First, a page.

Provider Validation Example Policy

The following policy validates the usage of the provider field in the SecretStore manifest.

kind: ClusterPolicy
  name: require-secretstore-aws-provider
  validationFailureAction: Enforce
  - name: require-secretstore-aws-provider
      - resources:
          - SecretStore
          - ClusterSecretStore
      message: "You must only use AWS SecretsManager"
              service: SecretsManager

Regular Patches

To maintain a secure environment, it is crucial to regularly patch and update all software components of External Secrets Operator and the underlying cluster. By doing so, known vulnerabilities can be addressed, and the overall system's security can be improved. Here are some recommended practices for ensuring timely updates:

  1. Automated Patching and Updating: Utilize automated patching and updating tools to streamline the process of keeping software components up-to-date
  2. Regular Update ESO: Stay informed about the latest updates and releases provided for ESO. The development team regularly releases updates to improve stability, performance, and security. Please refer to the Stability and Support documentation for more information on the available updates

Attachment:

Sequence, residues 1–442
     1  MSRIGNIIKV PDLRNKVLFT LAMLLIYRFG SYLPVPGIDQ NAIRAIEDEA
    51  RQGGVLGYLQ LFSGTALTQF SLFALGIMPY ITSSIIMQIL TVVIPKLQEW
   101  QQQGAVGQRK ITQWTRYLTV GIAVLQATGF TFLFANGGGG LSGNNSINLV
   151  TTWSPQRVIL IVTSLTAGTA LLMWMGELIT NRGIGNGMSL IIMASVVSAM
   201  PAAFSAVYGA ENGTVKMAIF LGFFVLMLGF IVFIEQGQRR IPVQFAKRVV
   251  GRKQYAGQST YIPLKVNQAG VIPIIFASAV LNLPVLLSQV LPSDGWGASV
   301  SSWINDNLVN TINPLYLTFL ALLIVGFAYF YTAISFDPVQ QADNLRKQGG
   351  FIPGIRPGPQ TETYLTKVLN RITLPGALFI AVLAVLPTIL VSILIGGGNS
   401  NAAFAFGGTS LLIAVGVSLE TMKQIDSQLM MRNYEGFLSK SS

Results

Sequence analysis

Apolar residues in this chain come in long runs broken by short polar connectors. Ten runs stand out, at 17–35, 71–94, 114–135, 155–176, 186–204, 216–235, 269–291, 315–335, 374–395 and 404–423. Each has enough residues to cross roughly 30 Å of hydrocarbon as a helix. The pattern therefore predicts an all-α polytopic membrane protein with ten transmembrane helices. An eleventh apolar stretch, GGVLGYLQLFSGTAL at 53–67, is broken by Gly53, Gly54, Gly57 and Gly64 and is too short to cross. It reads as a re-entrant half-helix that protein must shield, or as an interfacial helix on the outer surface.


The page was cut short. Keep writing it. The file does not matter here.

3. Cluster-wide Updates: Apart from ESO, ensure that all other software components within your cluster, such as the operating system, container runtime, and Kubernetes itself, are regularly patched and updated.

By adhering to a regular patching and updating schedule, you can proactively mitigate security risks associated with known vulnerabilities and ensure the overall stability and security of your ESO deployment.

Verify Artefacts

Verify Container Images